Art Students
Painting & Staining

Different Types of Paint

So you’ve decided to rejuvenate the boring old walls in your home and give them a fresh coat of paint. Congratulations! Now the hard part begins: choosing the right kind of paint for your home, your style and — perhaps most importantly — your budget.

Cost, type, durability, and performance vary widely between brands, but most follow a particular pattern in the types of paint they sell, making the buying process that much more uniform. Whether you like eggshell or glossy, there’s a paint type out there for you. Just be sure to do your research and test a few out beforehand to make sure they’re what you want.

Art Students

Start with a Base

It’s important to start off any painting project with a base coat and primer — especially if the walls have sported a particularly dark or bright color previously. If you skip this step and just slap on the new paint, that old color will shine right through and you’ll end up with a muddled version of what you really want. According to DIY Network, oil-based or water-based primer is designed to protect the material beneath the paint, giving a sturdy base for further coats. Next you can try a first coat, which often involves using a specially formulated paint used to build up opacity beneath finish coats. For extra protective paints and coatings, try a brand like Rust-oleum.

Get to the Finish Coat

Next it’s time to apply the finish coat. This is where the real guesswork comes in. You have a few different options here, ranging from flat and eggshell to gloss and satin.

Typically used to paint walls and ceilings, flat paint is latex-based and provides a versatile finish, whether indoors or out. Eggshell is even more durable, showcasing a light sheen designed for use on interior wood surfaces. It’s easier to clean than other types and provides you with an even color when you apply at least two coats. Gloss is a hardwearing finishing paint that’s best for wooden or metal surfaces. Satin, which is becoming more and popular for interior and exterior jobs, is similar but doesn’t sport as much of a shine.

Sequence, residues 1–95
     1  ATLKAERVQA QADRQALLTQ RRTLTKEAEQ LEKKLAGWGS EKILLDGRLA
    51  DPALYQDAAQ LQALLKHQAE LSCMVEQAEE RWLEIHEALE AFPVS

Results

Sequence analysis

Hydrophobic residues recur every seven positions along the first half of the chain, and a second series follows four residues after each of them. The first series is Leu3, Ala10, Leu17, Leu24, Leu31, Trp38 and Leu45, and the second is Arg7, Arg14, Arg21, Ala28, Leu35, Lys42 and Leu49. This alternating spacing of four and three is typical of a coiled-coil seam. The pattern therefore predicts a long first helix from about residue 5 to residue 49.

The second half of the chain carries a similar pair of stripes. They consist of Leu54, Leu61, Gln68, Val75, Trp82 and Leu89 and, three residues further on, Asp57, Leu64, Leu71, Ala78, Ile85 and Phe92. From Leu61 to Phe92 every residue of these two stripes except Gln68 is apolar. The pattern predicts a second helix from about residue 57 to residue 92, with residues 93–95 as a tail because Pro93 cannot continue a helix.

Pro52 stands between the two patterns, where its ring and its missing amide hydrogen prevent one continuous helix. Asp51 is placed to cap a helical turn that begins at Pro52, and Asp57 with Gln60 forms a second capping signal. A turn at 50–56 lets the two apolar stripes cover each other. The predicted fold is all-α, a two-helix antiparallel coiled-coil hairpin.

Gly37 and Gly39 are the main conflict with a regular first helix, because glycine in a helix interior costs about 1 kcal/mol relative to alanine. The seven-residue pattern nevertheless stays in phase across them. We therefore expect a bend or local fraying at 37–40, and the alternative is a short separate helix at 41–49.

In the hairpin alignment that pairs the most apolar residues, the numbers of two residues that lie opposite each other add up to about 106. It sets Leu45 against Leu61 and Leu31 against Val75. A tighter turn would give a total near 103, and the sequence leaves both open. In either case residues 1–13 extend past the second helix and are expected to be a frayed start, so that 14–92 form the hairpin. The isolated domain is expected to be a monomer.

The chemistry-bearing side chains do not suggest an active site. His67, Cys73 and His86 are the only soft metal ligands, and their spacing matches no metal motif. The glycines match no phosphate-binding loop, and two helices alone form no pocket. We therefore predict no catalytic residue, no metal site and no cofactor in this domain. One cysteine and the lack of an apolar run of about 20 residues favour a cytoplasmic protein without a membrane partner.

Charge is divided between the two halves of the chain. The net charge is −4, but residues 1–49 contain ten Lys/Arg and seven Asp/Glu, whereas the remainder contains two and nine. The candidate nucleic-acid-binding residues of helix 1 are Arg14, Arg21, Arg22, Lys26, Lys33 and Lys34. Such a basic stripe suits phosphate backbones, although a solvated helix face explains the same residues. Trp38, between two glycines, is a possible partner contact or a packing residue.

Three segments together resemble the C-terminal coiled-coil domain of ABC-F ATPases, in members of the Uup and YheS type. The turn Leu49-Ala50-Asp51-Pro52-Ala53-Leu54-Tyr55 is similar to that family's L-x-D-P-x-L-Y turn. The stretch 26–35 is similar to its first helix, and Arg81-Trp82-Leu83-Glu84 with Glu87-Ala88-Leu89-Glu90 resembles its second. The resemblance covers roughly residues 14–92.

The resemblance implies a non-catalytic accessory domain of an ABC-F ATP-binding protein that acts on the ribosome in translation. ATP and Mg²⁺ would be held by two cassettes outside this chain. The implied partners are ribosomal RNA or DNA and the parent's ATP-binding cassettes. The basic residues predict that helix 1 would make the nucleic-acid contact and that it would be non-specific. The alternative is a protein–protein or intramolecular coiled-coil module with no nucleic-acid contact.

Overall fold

Choosing Oil or Water-Based Paints

The decision on whether to choose oil-based or water-based paint is one you’ll have to research a bit to in order to determine your preference. Advantages of water-based paints include easy cleanup with water, quick drying time, a flexible finish that won’t crack, stable coloring over time, and low volatile organic compounds (VOCs), according to Elle Decor.

On the other hand, using oil-based paints gives a more attractive gloss to the finish, a durable finish and excellent leveling (which refers to the way the brush strokes fill in for a smoother, neater overall look). However, these types of paints contain more VOCs, making cleanup much harder. In general, latex paints are easier to apply and tend not to yellow over time.

Selecting the right type of paint doesn’t have to give you a headache. Weigh the pros and cons, including price, durability, finish and longevity, then hit the home improvement store and get to work!

 

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